WASHINGTON – The Senate overwhelmingly approved a sweeping, $631 billion defense bill Tuesday that sends a clear signal to President Obama to move quickly to get U.S. combat troops out of Afghanistan, tightens sanctions on Iran and limits the president’s authority in handling terror suspects.
Ignoring a veto threat, the Senate voted 98-0 for the legislation that authorizes money for weapons, aircraft and ships and provides a 1.7 percent pay raise for military personnel. After a decade of increasing Pentagon budgets, the vote came against the backdrop of significant reductions in projected military spending and the threat of deeper cuts from the looming “fiscal cliff” of automatic spending cuts and tax increases.
The bill reflects the nation’s war-weariness after more than a decade of fighting in Afghanistan, the messy uncertainty about new threats to U.S. security, and Washington belt-tightening in times of trillion-dollar-plus deficits. Spending solely on the base defense budget has nearly doubled in the past 10 years, but the latest blueprint reins in the projected growth in military dollars.
The bill would provide $526 billion for the base defense budget, $17 billion for defense programs in the Energy Department and about $88 billion for the war in Afghanistan. House and Senate negotiators must reconcile their competing versions of the bill in the next few weeks.
“The major challenge is time,” Senate Armed Services Committee Chairman Carl Levin, D-Mich., told reporters after the vote.
Reacting to the relentless violence in Syria, the Senate voted 92-6 to require the Pentagon to report to Congress on the ability of the U.S. military to impose a no-fly zone over Syria.
The amendment specified that it should not be construed as a declaration of war or an authorization to use force.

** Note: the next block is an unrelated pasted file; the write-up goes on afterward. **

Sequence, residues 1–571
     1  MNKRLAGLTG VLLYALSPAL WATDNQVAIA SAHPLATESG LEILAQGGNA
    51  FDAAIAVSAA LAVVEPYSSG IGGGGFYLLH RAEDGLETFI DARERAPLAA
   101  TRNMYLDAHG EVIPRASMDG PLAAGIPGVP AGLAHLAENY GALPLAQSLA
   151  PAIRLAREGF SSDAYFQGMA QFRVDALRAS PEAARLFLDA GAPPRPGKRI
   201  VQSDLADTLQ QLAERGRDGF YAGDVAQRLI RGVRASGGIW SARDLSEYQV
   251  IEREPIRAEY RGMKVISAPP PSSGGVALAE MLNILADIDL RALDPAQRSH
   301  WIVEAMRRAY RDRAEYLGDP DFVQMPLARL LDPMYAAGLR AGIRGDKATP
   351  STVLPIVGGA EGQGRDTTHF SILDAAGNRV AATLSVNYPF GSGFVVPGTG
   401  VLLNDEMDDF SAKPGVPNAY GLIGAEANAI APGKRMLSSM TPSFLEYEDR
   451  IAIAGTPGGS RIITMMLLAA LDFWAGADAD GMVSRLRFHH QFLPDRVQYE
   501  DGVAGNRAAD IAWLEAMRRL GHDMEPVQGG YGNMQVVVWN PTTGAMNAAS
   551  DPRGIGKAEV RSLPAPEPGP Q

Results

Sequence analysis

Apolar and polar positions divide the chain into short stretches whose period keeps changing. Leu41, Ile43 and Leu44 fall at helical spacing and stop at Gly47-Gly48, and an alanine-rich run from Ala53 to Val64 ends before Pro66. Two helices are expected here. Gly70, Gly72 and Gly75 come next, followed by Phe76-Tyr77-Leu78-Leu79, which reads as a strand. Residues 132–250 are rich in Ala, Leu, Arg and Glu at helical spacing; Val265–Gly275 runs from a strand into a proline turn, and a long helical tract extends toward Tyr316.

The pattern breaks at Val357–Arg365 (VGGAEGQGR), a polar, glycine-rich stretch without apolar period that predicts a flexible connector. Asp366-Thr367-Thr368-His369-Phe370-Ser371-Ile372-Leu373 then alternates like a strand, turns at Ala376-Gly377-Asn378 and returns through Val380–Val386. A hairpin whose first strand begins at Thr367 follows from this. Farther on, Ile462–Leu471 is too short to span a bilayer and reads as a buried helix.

Last year, Obama and congressional Republicans agreed on nearly $500 billion in defense cuts over 10 years. If the two sides fail in the next month to avert the “fiscal cliff,” the Pentagon would face an additional $55 billion in automatic, across-the-board cuts after Jan. 1.
Not far from the Capitol, a coalition of retired military leaders, administration officials and lawmakers pleaded with the president and Congress to address the nation’s debt, calling it the greatest threat to national security. The group of prominent Republicans and Democrats said the United States can spend less on defense while still maintaining its military superiority.
“A strong economy and strong national security are inextricably linked,” said retired Adm. Mike Mullen, the former chairman of the Joint Chiefs of Staff.
The administration has threatened to veto the Senate bill, strongly objecting to a provision restricting the president’s authority to transfer terror suspects from the U.S. prison at Guantanamo Bay, Cuba, to foreign countries. The provision is in current law.